Koson runs a respectable establishment, mind you. He doesn’t put up with what some of his fellow tavern-keepers do in the way of patrons, the trash and troublemakers who slouch at their tables only to cause trouble. No, he deals with them as he sees fit, bodily hefting them out of their seats into the storm outside.
“Apologies,” he tells his two remaining customers as he returns from getting rid of the most recent bunch of rabble-rousers (some bearded tough--and his cronies--who claims to be an Achaean king on a quest. Ha!). “It’s not often so rowdy.”
The dark-eyed woman is still bent over her needlework, undisturbed through all the commotion. She hasn’t looked up even to answer his questions—but her husband, a red-haired man with a foxlike face, has been watching the encounter with fascinated amusement, and laughs.
“Think nothing of it,” says Aethon of Crete.
They stay longer than they had planned, the man and his wife. They’ve come all the way from the south, they explain, and it’s the wrong season now to make the journey back, so Koson offers to let them stay in his home for a negotiable price.
At first this confuses them. It seems they expect Koson to house them for free, but they understand fairly quickly and work out a compromise. Aethon entertains the children by telling fantastic stories that he always denies come from his own imagination, and his wife takes in neighbors’ wool and spins fine, smooth thread.
Later, she shows them how to find beehives and, having smoked out the creatures, fearlessly plunges her hands into the hive to pull out honeycomb. Even her husband seems surprised at this, before he murmurs: “Your cousin Philonoe used to keep bees. I remember that.”
She smiles at him.
Koson senses this must be a second marriage for his visitors. The woman, especially; her face is worn with crow’s feet rather than laugh lines, but she smiles often enough when her husband is nearby. She has a careful and practiced hand with the children, and she might have raised one or two of her own, once.
And Aethon—he must have loved her long, perhaps even when she was married to another; always he watches her idly out of the corner of his eye, as though she might disappear if he stops looking. When he’s not telling the children stories, he alternates between speaking to them as adults who can understand anything and condescending outrageously. When he watches her with them, there is a bitter cast to his eyes.
They’re older than they appear to be, and younger than they think they are. Koson can’t help but pity them.
(On the day he means to depart with oar over his shoulder, Penelope meets him on the steps of the palace. A traveling cloak is thrown over her plain peplos, and a spindle hangs at her hip.
“I remember all too well what my husband told me when he left for Troy,” she says when he protests. “Wait until my son grew his first beard, and then leave this palace with the man who pleases me best. I intend to keep my promise.”
She cuts him off with a chuckle. “Telemachus might not have learned the ways of war from you,” she tells him, “but statecraft he mastered at my knee. He’ll be fine.”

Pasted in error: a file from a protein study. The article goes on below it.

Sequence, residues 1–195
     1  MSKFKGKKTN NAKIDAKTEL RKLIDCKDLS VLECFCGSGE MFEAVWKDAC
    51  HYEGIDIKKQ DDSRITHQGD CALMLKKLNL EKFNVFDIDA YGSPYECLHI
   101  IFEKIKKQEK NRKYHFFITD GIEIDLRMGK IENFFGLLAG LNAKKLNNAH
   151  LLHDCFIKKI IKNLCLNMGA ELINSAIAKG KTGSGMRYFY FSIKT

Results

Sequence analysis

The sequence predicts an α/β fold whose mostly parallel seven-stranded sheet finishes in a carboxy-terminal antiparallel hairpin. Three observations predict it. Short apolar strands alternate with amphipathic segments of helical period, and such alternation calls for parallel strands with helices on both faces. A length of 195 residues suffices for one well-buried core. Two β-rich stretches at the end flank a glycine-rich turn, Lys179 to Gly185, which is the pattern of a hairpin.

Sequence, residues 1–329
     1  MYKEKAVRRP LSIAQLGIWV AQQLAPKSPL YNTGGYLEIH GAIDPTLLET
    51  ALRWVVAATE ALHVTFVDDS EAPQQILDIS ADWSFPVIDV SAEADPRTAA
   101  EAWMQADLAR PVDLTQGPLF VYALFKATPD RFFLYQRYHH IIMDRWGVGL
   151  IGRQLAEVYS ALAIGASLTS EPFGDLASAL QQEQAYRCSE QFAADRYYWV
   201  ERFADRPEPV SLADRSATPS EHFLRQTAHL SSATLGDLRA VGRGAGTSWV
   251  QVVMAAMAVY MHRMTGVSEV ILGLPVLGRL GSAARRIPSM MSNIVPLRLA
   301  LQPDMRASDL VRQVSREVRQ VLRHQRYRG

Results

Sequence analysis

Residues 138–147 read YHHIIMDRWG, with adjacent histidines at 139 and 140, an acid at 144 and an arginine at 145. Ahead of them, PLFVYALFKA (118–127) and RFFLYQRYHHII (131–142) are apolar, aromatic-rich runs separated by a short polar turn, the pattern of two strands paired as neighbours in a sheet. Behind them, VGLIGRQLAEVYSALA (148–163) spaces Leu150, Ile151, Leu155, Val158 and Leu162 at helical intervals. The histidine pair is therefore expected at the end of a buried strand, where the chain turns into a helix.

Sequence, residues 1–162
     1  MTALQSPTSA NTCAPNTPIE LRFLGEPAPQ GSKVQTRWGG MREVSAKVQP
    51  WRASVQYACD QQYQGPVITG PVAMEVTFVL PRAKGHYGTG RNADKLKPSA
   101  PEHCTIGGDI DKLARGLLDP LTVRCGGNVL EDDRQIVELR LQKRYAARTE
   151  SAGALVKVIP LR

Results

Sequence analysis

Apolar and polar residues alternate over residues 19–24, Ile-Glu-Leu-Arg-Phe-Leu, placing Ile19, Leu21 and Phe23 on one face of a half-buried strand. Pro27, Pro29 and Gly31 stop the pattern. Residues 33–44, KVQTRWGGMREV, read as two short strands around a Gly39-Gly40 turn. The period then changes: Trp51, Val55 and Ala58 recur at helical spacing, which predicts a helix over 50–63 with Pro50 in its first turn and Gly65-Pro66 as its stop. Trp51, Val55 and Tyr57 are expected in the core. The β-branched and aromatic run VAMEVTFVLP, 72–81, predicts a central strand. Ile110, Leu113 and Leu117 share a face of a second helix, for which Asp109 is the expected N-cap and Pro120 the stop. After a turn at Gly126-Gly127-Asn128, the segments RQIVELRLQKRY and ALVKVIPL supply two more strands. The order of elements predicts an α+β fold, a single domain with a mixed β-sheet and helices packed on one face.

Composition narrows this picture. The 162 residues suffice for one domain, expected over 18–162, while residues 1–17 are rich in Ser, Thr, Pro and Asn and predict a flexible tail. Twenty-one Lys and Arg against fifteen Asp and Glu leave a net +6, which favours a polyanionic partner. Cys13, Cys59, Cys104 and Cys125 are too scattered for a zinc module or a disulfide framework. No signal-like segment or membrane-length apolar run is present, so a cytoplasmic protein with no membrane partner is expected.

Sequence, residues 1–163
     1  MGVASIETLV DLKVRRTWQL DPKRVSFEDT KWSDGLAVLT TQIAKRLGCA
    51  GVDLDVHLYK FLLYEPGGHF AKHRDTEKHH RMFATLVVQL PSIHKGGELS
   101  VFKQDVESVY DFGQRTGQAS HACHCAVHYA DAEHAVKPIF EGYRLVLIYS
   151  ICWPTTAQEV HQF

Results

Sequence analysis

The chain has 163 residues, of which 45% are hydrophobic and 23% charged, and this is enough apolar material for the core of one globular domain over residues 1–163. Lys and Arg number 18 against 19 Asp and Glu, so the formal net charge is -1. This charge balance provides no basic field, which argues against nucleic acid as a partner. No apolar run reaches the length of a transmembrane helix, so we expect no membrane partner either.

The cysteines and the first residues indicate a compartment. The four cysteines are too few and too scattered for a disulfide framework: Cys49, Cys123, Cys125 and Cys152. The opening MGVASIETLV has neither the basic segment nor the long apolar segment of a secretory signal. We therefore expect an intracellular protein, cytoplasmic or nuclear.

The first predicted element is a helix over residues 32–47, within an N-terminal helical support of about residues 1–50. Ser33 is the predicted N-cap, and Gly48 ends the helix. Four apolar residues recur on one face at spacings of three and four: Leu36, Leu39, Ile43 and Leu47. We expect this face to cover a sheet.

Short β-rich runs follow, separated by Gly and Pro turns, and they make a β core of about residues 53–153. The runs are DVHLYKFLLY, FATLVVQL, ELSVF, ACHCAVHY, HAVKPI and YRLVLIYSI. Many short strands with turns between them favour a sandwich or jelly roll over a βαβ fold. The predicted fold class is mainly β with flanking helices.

“You took twenty years to come back last time,” she says, and that might be laughter in her eyes, or anger instead. “How could I ever let you leave me again?”)
When a bard from Achaea come to his tavern, Koson’s guests rise to meet him.
“Friend,” says the woman, “will you go to Ithaka, where Telemachus reigns?"
“I might,” says the Achaean, “What news should I take him?”
Koson, wiping tables, pays more attention. Odysseus’s tale has spread even this far north.
“Tell him—“ says Aethon, and considers Koson “—tell him his father flourishes among the Theosprotians, having yielded to their entreaties and wed soft-eyed Kallidike—“
“Oh, he has, has he?” interrupts his wife dryly.
“—and, now entangled in battle, plans to install their son as king.”
“Their son a king already?” His wife touches a hand to the growing swell of her stomach. “It’s not been two years since Odysseus left Ithaka.”
Aethon ignores her. “Tell him this, too, that Aethon of Crete expects his love for the news, and you shall have my gratitude.”
With his own hands, Aethon fashions a house for himself and his wife. She seems oddly critical of most of the details; he tells her, with what seems to be real regret, that no olive trees grow in this climate. But when he leads her there, inviting Koson along to admire his work, Aethon’s wife cries out with joy to see a loom set up by the front window.
Koson is, to his own surprise, sad to see them go. It’s more than the money they brought in by spinning wool and tales respectively; Aethon had been in the middle of describing the encounter between a foolish hero and a ferocious Cyclops, and Koson has been as anxious as the children to see how it all turns out.
“Nonsense,” Aethon points out when Koson mentions this. “We’re only a little down the hill. I’ll tell you the rest at dinner.”
“What will you name him?” asks Koson’s wife, already sure the coming child will be a son.
“Hmm,” says the woman, “Poliporthes, I think. For his father.”
Sacker of cities, Koson translates; an odd description of peaceful, merry Aethon, but how can he judge? Now, though, considering his friends’ pleasure, he dares voice the question he’s nursed for months.
“Listen,” he asks Aethon, “I mean no offence, but what is that contraption you carried in with you?”
Aethon and his wife look at each another, and, strangely, begin to deliberate between themselves.
“Tiresias said it would be called a winnowing fan. Surely that doesn’t count.”
“We could perform the sacrifices, of course, just to be safe—“
“But there’s no need to leave just yet—“
“None at all.”
Thus resolved, they turn back to Koson.
“It’s nothing, my friend,” Odysseus says, not quite repressing a smile. “Nothing at all.”